Unfortunately, natural disasters tend to attract con artists and criminals who take advantage of people who have been devastated. The best way to protect yourself from frauds and scams after a natural disaster is to stay alert and be cautious. The following information will help you understand what to look for and how to stay away from the most common scams.
Home repair frauds
Home repair and cleanup frauds are especially common after natural disasters. It's important to be very careful about hiring anyone to work on your home.
- Be wary of anyone soliciting work. Disreputable contractors often solicit door to door offering rebuilding or cleaning services after a natural disaster.
- Check references. Don't hire anyone to work on your home without getting references and checking out the business with the Better Business Bureau. Also confirm that the business or individual is licensed to do work in your state by contacting your local or state building department.
- Never pay a home contractor or any other vendor in cash. Do not sign over your insurance settlement check. Only pay by credit card or personal check. Be sure not to pay in full up front.
- Always ask for written estimates.
- Get a second opinion before hiring anyone.
- Don't be pressured. Don't fall for hiring someone who is offering a "one-day-only" special or a discount for hiring him on the spot.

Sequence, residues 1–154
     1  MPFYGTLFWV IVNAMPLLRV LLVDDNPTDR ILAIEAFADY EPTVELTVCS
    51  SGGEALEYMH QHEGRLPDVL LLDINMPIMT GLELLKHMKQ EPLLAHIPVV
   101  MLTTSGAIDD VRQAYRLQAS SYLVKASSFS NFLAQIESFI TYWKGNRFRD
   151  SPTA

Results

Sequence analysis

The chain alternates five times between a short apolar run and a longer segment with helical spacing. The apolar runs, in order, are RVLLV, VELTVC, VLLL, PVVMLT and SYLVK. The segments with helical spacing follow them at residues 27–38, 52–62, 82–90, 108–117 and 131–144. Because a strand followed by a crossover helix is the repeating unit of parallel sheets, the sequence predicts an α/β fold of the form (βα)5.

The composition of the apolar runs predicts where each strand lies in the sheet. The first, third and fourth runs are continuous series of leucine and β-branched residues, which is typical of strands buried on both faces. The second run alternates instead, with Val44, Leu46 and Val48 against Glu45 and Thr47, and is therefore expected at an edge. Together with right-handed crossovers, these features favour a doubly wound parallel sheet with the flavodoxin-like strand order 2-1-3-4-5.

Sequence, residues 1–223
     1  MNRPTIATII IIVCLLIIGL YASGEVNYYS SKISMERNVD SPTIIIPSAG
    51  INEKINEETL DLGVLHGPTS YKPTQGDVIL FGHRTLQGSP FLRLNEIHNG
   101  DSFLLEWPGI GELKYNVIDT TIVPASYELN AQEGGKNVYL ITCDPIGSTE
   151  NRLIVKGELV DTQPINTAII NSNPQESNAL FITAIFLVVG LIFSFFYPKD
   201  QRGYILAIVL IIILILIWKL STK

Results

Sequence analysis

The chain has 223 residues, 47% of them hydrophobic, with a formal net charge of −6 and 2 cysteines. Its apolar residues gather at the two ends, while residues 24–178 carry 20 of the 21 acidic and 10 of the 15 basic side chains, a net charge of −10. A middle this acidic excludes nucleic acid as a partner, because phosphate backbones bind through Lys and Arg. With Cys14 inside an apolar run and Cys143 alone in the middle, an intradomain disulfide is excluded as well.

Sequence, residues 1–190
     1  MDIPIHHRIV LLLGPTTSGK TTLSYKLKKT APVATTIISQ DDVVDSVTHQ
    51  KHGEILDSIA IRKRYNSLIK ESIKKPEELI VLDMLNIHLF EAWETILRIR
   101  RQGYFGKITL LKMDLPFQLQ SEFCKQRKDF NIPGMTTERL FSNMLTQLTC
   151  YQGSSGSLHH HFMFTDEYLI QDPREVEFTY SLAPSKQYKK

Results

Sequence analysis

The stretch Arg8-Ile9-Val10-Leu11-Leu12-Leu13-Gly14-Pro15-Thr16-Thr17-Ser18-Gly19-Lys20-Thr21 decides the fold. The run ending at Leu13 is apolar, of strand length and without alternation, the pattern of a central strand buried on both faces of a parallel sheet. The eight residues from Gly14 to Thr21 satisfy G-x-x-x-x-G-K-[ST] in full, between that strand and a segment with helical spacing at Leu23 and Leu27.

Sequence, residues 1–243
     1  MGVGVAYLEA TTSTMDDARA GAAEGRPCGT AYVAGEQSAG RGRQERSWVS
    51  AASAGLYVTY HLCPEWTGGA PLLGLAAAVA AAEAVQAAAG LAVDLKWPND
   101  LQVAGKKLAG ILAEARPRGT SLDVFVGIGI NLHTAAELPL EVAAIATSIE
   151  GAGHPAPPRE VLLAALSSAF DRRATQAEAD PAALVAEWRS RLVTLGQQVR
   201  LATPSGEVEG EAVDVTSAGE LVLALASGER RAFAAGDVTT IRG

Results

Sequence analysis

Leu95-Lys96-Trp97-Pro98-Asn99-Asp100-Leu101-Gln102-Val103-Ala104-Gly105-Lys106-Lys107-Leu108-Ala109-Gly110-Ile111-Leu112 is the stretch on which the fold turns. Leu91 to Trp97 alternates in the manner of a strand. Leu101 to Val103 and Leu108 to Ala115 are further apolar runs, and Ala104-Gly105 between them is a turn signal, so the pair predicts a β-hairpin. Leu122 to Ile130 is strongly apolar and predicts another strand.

Con artists may pretend to solicit money to help the victims of a natural disaster. The made-up name of their group will often be almost identical to a well-known, reputable charity. Here are some ways to ensure that your financial gift goes to a reputable organization:
- Check out any charitable group you are unfamiliar with. There are nonprofit watchdog groups that evaluate charitable organizations on their performance in a number of areas. Charity Navigator rates organizations based on their financial filings and other information. Wise Giving Alliance of the Better Business Bureau offers guidance to donors on making informed giving decisions.
- If the charity isn't listed on these sites, call the charity-registration department in your state attorney general's office to make sure it is legally registered as a nonprofit.
- Ask for information on the charity and read up on the organization before donating. Consider donating to organizations that you are already familiar with and that are well-established.
- Be wary of out-of-state organizations, especially if their only address is a post office box.
- Ask the solicitor to describe clearly how your donation will be used. Look for this information on the organization's website.
- Request a copy of the organization's annual report. Legitimate charities will gladly send you written information when requested.
- Never make cash donations and always make your checks payable to the organization, not to the individual soliciting.
- Do not give out your credit card number to a solicitor.
- Be careful when responding to charitable solicitations that come through the mail. Read all solicitations carefully, including the fine print.